Upon his return to Wuthering Heights, Heathcliff was a wealthy nobleman with the power to flex as he took his revenge. By the end of the book, he has taken his revenge and more. He accomplished his goal when he owns the Wuthering Heights and the Grange after nearly all his enemies have been killed or driven out. Some were even driven mad. Pain caused the toxic lessons he had been exposed to grow into something much worse.

Christian Grey – 50 Shades of Grey by E. L. James

To Fall a Boy and Rise a Man

Christian Grey
Image Source: Prime Video

In the spirit of Valentine’s Day let’s end this with a good one, or at least more specifically a healthier example– Christian Grey. Now it might be surprising to hear but Christian is an example of trauma turned to healthy masculinity. Christian did not start out this way as he had a very turbulent childhood. Ella, Christian’s mother, was a prostitute who was regularly abused. This abuse also carried over to Christian, which resulted in the eventual death of his mother from an overdose.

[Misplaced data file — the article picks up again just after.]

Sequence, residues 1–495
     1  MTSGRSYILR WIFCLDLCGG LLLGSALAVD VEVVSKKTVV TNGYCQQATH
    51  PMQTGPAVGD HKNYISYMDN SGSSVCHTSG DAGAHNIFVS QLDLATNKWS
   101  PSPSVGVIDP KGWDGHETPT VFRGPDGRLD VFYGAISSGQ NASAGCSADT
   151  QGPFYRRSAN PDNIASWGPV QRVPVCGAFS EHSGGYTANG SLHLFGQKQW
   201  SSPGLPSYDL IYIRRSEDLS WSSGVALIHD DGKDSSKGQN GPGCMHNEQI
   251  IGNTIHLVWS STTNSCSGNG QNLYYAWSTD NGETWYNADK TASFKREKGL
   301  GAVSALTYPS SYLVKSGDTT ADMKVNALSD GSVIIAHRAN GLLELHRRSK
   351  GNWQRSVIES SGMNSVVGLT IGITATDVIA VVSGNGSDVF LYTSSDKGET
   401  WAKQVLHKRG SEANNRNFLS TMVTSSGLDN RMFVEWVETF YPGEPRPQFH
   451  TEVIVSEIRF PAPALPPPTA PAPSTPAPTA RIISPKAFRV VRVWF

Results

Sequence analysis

Christian spent days with his mother after she had passed, and kept that pain long into his teenage years. This caused violent outbursts and anger from Christian until he was introduced to the world of BDSM. From this unlikely source, Christian found a way to safely control and channel his emotions in a way both he and his partners consented to. This was not an immediate shift, however, as his lust for control was still a bit unbalanced at first.

As the series continues, Christian wrestles with keeping this at a healthy level along with facing the trauma of his past. His desire for control and expression bring a somewhat toxic view to a community whose biggest rules are consent and boundaries. In the end, Christian finds his balance and faces his past, proving these toxic traits to only remain as permanent as he let them. This shift in perspective and mentality makes him a great display of toxic masculinity turned healthy.